Real World Health Care Blog

Tag Archives: smoking

Smoking Out Nicotine Addiction: What’s Working in the War on Cigarettes

With CVS Pharmacy’s recent announcement that cigarettes and other tobacco containing products will no longer be sold in its stores, Real World Health Care has been crunching the numbers on the success of anti-tobacco efforts and reviewing recent advances in smoking cessation. Here’s what we’ve found:

  • #1. Smoking still holds the unfortunate distinction of causing more preventable deaths than anything else.
  • 8 million. That’s how many lives have been saved by 50 years of anti-smoking efforts, according to a recent study by researchers from Yale University.

    Jamie Elizabeth Rosen

    Jamie Elizabeth Rosen

  • 19%. That’s the current smoking rate in the U.S., down from a whopping 42% five decades ago when U.S. Surgeon General Luther Terry published the first report on the negative health impacts of smoking.
  • 3,000. The number of young people who still try their first cigarette every day. Almost 700 become regular smokers.
  • 7,600. The number of store locations that will no longer sell tobacco products as a result of CVS’s decision. Under the Tobacco Control Act, the Food and Drug Administration cannot mandate what retailers sell, although interestingly it does have the power to mandate the amount of nicotine in cigarettes in addition to advertising restrictions and general standards for tobacco production

Public consciousness, regulation, and education on the harmful effects of tobacco are all factors in the tremendous progress that has been made in saving lives. The World Health Organization’s global recommendations for tobacco control are known as the MPOWER measures and include the following:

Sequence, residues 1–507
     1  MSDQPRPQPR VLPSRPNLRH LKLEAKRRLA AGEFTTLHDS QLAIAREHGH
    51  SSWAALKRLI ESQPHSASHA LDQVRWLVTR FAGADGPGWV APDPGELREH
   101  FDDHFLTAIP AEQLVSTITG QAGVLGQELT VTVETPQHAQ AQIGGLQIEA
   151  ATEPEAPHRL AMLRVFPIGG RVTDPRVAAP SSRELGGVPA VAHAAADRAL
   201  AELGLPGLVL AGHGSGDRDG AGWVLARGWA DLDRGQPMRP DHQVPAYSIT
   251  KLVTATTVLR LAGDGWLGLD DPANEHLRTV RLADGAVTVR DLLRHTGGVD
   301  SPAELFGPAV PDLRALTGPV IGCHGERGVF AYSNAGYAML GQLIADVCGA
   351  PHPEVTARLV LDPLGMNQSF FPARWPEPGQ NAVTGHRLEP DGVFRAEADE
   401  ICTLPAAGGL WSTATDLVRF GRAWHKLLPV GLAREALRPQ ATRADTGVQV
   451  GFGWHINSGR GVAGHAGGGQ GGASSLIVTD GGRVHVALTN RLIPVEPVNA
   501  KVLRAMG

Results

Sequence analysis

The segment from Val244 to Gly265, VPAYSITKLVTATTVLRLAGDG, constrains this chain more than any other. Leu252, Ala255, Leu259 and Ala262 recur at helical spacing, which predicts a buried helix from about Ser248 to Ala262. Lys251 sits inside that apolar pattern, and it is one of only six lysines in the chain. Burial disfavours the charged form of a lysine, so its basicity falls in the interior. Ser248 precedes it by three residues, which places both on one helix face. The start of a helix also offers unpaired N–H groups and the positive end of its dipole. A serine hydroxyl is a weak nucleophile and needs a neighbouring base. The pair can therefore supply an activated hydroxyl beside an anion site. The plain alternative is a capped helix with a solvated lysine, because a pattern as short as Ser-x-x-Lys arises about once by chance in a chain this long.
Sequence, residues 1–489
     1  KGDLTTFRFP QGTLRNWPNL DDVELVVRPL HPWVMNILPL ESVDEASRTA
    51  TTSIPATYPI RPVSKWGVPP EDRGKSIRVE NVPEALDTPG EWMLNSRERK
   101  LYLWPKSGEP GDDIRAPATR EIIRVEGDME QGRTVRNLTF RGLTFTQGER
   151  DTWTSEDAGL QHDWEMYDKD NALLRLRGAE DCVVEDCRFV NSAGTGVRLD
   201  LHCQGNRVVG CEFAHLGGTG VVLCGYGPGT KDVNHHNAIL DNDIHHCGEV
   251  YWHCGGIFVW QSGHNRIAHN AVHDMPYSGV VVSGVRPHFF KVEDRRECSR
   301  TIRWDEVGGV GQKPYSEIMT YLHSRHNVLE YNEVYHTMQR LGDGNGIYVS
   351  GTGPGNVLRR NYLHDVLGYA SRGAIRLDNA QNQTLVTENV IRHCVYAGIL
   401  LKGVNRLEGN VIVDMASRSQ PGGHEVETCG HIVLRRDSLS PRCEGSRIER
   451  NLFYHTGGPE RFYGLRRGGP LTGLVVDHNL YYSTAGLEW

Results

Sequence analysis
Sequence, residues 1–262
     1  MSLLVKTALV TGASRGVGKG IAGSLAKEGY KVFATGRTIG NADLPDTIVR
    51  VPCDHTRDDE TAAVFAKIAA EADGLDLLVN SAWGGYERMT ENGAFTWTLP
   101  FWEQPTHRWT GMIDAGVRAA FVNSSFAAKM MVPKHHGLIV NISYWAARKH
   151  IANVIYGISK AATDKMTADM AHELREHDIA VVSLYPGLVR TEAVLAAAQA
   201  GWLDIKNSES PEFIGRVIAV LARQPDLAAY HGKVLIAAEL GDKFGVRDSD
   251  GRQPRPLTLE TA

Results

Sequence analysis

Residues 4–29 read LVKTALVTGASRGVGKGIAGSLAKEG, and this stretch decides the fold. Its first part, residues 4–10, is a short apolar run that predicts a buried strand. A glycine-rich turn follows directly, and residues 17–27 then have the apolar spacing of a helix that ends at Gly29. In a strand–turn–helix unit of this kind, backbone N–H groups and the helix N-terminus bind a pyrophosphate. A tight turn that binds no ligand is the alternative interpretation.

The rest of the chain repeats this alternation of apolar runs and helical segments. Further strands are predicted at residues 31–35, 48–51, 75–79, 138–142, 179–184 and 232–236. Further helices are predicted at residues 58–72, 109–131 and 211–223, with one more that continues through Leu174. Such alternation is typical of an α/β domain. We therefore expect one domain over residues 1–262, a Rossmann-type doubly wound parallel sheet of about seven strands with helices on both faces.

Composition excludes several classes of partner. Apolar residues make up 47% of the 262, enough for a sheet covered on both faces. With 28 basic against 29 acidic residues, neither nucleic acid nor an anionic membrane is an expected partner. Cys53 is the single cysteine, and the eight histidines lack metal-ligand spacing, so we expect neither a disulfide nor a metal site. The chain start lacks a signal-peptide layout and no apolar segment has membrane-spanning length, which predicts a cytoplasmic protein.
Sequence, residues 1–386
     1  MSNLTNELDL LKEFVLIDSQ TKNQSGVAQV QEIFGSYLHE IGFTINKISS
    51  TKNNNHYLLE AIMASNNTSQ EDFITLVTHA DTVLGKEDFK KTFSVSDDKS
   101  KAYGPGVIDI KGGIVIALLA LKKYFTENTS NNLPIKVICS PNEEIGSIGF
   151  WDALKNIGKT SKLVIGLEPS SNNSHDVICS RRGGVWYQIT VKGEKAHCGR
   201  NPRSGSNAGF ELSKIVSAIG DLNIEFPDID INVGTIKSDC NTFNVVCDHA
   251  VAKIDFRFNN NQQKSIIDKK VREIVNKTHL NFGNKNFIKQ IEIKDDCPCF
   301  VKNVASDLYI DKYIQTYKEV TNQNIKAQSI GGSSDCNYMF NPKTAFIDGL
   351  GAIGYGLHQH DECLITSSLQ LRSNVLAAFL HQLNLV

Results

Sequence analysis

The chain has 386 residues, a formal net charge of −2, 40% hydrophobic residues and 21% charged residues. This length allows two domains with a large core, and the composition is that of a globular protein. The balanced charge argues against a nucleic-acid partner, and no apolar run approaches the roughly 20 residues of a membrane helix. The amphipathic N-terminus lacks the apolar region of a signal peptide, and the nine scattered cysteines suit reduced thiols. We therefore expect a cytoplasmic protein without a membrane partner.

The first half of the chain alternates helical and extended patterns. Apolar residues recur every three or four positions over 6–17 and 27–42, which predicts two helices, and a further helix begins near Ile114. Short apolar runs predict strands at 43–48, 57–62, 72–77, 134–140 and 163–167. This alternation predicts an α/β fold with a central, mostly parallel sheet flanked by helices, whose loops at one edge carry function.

WHO_MPOWER

With the efforts of both public and private sector actors, 2014 could be a watershed year for tobacco control in the U.S. In addition to CVS’s tobacco ban, several new initiatives on the part of the government and private industry have already been announced this year that address components of MPOWER:

  • Earlier this month, the FDA launched a new media campaign targeting youth. “We are addressing one of the biggest public health problems in this country and in the world,” FDA Commissioner Margaret A. Hamburg said. “It’s something the FDA has not really done before in terms of a broad public health campaign of this magnitude but it’s something that we are so pleased to be doing because it matters for health.”
  • Walgreens and GlaxoSmithKline (GSK) Consumer Healthcare announced a smoking cessation initiative. Along with resources to help quit smoking, Walgreens’ new Sponsorship to Quit provides smokers with 24/7 tips and tools, celebrations for milestones, a free consultation and other valuable support systems for smokers in their journey to quit. MinuteClinic also provides online tips, tools and facts to help smokers kick their habits.

Have you or anyone you know succeeded in quitting smoking cigarettes or using other tobacco products? Have you seen an effective campaign against tobacco? Post to the comments section to share your impressions of what works.

Are You Ready to Help Stop Cervical Cancer?

National patient advocacy organizations and allies are urging American women to start the year off right by learning more about cervical cancer and prevention during Cervical Health Awareness Month this January.  Here’s what you need to know.

Paul DeMiglio